Is petal a soft word?
To the eyes, there is no special light touch; it is a short word, raked from lower left to upper right, descender to ascender, formed by three vertical lines with a cross in the middle. Not pillowsome; more like a little trinket.
To the lips and tongue, it starts hard with the /p/ and, if you say it crisply, it is hard again in the middle with /t/. It does end with that soft liquid /l/; if you say it as most people do, the /t/ is just a voiced stop releasing directly to the /l/. But is that soft? Is pedal soft? Is peddle soft? How about metal, medal, or meddle? They all start with the soft /m/ and so would seem softer to say than petal, but do we think of them as soft words?
Does petal even have a soft origin? This word that anagrams to plate, does it have any hardness in its source? The Latin petalum and the Greek πέταλον petalon meant ‘petal’, yes, but also – Oxford tells us – ‘leaf of metal’, specifically (in the Septuagint) a plate of gold worn by Jewish high priests. Where did the Greek get the word from? It is based on the verb πεταννύναι petannunai ‘spread out’ or ‘be open’ and is related to the Latin patere ‘stand open’.
Perhaps, then, we need to be open to petal as an example of how something that is not so soft may nonetheless be so soft. I don’t just mean in the way Bernini’s marbles look softer than the softest human flesh; this word carries a sense of something soft, so it is by that a soft word. But there’s still more: the soft thing it names is emblematic of soft, sweet beauty (and in particular the most lovely of lips) and also of that evanescence, the withering and fading that makes the soft beauty all the more precious. And it is bolstered in art – think of the erotic orchids of Georgia O’Keeffe – and in poetry. Read these, now, and tell me how soft petal is for you:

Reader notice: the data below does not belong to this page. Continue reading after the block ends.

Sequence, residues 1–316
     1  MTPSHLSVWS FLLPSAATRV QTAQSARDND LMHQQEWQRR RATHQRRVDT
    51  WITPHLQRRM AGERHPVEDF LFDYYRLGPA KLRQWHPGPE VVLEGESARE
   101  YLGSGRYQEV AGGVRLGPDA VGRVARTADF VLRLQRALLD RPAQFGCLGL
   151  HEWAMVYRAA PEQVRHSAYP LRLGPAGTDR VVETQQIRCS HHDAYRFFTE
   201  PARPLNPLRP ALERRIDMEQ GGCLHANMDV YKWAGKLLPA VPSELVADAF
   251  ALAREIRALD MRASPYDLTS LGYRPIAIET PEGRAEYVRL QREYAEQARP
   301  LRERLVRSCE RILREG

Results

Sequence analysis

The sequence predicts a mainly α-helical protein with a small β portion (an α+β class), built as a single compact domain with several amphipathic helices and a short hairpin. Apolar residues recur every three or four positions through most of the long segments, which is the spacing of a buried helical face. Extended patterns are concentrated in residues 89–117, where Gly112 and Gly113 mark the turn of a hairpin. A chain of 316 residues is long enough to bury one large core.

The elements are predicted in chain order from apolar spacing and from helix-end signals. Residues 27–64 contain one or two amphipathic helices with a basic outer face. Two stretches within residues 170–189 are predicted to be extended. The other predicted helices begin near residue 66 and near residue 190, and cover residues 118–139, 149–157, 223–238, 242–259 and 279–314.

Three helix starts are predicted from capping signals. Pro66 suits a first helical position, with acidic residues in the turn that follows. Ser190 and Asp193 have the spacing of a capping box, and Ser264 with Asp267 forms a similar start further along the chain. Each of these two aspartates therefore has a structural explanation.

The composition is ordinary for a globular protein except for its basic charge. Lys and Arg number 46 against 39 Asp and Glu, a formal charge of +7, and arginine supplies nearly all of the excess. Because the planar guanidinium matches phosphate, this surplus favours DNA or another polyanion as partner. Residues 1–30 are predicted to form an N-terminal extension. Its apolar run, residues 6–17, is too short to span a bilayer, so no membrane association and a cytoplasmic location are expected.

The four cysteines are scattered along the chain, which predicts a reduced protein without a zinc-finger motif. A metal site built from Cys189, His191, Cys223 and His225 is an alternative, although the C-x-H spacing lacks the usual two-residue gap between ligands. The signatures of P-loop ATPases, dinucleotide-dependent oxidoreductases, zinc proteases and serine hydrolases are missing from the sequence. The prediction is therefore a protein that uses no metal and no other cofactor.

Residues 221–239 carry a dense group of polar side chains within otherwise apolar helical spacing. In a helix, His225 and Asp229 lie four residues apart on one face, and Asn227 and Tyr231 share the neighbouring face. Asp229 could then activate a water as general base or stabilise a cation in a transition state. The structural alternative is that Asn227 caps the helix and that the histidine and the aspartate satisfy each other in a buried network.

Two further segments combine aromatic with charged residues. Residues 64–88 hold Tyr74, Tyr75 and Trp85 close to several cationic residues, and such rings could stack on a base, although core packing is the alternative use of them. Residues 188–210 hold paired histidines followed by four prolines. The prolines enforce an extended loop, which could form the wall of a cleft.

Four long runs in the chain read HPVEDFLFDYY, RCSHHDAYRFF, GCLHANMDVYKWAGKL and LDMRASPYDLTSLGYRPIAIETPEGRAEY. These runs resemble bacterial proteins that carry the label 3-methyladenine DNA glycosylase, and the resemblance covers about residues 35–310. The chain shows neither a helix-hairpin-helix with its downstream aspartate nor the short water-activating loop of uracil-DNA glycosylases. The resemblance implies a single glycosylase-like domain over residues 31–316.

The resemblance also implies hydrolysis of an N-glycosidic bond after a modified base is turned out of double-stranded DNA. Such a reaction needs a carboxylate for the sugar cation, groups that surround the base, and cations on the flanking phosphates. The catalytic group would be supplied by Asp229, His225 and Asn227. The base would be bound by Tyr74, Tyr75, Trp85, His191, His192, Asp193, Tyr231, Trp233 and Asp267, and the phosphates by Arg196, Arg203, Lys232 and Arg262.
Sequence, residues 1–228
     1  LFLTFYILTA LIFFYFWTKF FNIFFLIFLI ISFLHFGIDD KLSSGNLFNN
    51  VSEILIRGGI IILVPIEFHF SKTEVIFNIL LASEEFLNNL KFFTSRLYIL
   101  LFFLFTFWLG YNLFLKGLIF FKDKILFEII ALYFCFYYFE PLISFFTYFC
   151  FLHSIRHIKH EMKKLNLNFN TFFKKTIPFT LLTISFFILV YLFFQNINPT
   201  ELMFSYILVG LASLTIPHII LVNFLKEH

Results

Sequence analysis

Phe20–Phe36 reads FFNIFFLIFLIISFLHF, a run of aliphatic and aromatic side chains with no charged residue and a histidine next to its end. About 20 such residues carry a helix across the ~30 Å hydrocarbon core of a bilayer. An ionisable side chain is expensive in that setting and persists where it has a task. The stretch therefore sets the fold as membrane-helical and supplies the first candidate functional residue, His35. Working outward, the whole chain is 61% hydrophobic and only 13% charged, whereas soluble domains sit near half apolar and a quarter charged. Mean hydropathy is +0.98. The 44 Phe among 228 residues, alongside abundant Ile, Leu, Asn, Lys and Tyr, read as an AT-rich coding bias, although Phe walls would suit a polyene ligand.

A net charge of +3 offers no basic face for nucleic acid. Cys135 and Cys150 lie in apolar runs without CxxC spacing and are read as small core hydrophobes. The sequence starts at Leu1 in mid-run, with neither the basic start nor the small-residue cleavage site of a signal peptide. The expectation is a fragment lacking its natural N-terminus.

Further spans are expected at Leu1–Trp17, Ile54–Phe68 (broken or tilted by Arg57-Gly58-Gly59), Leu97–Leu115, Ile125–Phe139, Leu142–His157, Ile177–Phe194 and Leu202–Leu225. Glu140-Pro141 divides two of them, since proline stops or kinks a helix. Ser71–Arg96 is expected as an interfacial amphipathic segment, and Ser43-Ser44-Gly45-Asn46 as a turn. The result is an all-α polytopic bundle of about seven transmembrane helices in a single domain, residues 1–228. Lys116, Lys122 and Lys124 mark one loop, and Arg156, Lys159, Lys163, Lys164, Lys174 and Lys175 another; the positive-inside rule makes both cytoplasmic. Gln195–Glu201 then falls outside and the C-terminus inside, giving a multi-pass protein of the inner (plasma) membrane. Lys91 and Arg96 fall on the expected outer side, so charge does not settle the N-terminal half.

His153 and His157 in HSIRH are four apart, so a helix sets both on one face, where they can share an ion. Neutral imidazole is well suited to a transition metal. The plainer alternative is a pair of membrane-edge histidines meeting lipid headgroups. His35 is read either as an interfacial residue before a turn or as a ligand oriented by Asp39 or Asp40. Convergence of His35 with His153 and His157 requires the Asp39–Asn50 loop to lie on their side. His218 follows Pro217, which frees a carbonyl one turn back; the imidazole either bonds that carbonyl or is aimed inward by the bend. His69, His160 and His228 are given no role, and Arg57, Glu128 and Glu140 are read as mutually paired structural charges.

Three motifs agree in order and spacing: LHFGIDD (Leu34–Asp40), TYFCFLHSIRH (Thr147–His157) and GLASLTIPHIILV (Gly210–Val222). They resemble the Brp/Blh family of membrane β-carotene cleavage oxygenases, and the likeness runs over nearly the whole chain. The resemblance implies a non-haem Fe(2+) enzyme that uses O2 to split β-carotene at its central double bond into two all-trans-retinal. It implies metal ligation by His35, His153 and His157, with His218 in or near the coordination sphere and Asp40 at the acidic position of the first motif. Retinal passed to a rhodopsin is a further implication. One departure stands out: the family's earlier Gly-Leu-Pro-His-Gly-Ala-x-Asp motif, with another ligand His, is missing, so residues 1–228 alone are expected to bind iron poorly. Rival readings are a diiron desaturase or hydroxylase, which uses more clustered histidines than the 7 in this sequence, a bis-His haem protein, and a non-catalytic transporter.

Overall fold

A sepal, petal, and a thorn
Upon a common summer’s morn,
A flash of dew, a bee or two,
A caper in the trees,—
And I’m a rose!
—“XCIII,” Emily Dickinson
Now sleeps the crimson petal, now the white;
Nor waves the cypress in the palace walk;
Nor winks the gold fin in the porphyry font:
The fire-fly wakens: waken thou with me.
—“Now sleeps the crimson petal,” Alfred, Lord Tennyson
The dawn was apple-green,
The sky was green wine held up in the sun,
The moon was a golden petal between.
She opened her eyes, and green
They shone, clear like flowers undone
For the first time, now for the first time seen.
—“Green,” D.H. Lawrence
The drifting petal came to ground.
The laughter chimed its perfect round.
The broken syllable was ended.
And I, so certain and so friended,
How could I cloud, or how distress,
The heaven of your unconsciousness?
—“Dining-Room Tea,” Rupert Brooke
But when o’er wastes of lily-haunted field
The tired birds had stayed their amorous tune,
And broad and glittering like an argent shield
High in the sapphire heavens hung the moon,
Did no strange dream or evil memory make
Each tremulous petal of its blossoms shake?
—“Athanasia,” Oscar Wilde
In each green leaf a memory let lie:
The pain that follows on the heels of bliss
In every thorn; each waft of incense be a sign
For love: each petal of each rose a kiss!
—“With Roses,” Beatrix Demarest Lloyd
The red rose whispers of passion,
And the white rose breathes of love;
O, the red rose is a falcon,
And the white rose is a dove.
But I send you a cream-white rosebud
With a flush on its petal tips;
For the love that is purest and sweetest
Has a kiss of desire on the lips.
—“A White Rose,” John Boyle O’Reilly